The Institute for Applied Ecology and the Lovelock Correctional Center Sagebrush Crew would like to thank The American Legion Sean M. Ward Post 519 group for their help in restoring greater sage-grouse habitat for our Sagebrush in Prisons Project. They have volunteered many hours helping us thin out the sagebrush containers to our target goal […]
By Nadav Mouallem with contributions from fellow NPSO/CR interns Abbie Harold and Lucy KeehnWhen the entire season feels like a never-ending highlight reel, you know it has been a good one. Whether it be sighting owls at dusk atop of Table Rock, whales at sunrise overlooking Coos Bay, or a bobcat in the Tillamook Forest, […]
–By Lucy Keehn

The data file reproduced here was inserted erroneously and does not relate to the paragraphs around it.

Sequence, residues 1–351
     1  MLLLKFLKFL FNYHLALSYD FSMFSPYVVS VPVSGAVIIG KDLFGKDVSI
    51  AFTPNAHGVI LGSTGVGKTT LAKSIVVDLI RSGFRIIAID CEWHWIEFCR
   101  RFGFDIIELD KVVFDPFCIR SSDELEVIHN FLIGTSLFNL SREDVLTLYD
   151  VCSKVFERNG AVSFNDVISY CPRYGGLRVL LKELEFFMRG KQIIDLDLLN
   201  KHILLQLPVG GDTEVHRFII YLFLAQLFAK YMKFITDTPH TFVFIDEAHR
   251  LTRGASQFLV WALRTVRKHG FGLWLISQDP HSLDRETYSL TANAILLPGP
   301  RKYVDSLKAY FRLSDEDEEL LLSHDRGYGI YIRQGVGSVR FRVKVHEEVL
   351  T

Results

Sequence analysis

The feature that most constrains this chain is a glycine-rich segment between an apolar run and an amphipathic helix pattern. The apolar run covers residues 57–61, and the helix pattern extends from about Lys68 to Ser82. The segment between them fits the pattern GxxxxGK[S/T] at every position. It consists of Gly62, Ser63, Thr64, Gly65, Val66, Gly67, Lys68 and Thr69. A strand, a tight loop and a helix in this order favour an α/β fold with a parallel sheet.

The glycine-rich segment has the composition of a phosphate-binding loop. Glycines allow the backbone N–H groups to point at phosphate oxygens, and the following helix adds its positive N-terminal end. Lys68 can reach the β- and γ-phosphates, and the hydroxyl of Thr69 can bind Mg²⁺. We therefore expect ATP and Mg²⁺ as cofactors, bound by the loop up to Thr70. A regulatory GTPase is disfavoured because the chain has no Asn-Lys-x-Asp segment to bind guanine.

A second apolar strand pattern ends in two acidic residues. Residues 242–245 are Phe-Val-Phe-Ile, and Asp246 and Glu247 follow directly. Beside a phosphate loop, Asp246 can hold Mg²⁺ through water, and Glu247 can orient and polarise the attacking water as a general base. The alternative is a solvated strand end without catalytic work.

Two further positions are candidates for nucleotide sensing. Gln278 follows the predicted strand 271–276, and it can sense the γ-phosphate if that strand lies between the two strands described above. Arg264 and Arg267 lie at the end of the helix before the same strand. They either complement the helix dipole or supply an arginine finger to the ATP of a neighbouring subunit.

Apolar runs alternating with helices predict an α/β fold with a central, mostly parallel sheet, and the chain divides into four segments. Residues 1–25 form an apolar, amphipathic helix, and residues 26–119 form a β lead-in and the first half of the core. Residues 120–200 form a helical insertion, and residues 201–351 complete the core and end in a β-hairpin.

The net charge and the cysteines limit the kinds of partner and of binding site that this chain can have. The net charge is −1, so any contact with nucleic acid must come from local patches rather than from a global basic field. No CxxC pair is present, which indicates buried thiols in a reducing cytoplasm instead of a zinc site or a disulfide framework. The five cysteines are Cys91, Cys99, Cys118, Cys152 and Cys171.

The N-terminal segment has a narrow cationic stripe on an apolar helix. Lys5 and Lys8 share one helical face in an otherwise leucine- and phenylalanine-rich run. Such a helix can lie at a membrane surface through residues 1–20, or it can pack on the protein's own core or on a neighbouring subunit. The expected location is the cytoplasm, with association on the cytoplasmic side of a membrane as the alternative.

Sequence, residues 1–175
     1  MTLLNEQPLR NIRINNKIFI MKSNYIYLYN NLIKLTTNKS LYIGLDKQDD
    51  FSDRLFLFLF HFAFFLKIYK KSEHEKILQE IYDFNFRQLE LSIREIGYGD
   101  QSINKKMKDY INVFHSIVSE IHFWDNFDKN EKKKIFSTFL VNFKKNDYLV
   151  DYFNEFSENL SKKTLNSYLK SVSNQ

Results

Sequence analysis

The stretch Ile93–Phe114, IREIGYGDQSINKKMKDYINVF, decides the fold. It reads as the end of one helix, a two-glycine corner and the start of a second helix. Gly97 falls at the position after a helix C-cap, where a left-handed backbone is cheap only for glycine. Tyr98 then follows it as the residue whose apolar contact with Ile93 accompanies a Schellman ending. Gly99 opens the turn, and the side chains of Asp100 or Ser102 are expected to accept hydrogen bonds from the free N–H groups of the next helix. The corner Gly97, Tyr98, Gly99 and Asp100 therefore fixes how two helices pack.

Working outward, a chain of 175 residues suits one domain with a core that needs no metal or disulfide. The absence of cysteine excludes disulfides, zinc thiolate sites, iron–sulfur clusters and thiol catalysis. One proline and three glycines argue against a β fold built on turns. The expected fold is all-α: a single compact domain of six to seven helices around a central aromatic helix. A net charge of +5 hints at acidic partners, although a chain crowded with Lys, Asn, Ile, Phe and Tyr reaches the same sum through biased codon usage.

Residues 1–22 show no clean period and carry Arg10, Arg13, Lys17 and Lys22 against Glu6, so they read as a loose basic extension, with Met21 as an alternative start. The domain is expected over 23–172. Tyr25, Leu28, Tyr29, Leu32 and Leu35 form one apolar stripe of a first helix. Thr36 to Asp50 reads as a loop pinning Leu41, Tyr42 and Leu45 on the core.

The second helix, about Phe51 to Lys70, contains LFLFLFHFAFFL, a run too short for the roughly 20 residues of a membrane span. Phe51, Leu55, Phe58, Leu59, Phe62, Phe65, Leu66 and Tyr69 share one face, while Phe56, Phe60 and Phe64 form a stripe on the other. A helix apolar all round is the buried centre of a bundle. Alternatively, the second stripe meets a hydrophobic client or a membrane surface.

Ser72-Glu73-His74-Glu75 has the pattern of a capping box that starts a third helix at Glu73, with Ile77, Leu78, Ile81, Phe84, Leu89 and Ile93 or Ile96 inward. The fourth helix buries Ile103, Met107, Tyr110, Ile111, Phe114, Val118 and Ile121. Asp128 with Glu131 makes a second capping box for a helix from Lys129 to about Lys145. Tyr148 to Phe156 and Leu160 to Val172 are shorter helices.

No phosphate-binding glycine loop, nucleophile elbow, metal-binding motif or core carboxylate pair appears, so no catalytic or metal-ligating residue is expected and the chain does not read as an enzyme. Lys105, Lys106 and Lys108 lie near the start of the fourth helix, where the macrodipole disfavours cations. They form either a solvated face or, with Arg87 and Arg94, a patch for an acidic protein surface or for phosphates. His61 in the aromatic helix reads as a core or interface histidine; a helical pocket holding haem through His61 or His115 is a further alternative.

We have had many adventures during our Native Plant Society of Oregon internship. In the first week of May, our crew rapidly expanded from the usual 5 to a lively 16, as we were joined in the field by our Executive Director, Tom Kaye, and 10 volunteers from all over Oregon, in order to monitor the population of the endangered Cook’s Desert Parsley (Lomatium cookii), also refereed to as LOCO. Cook’s Desert Parsley is closely related to Lomatium bradshawii, which is an endangered Apiaceae found only in the Willamette Valley. The Institute for Applied Ecology (IAE) has been involved with monitoring the species, habitat, and community at this location for more than 20 years, in partnership with the Medford Bureau of Land Management (BLM) District. It was exciting to be able to contribute to such a long-lasting project that so many people have invested much time and care.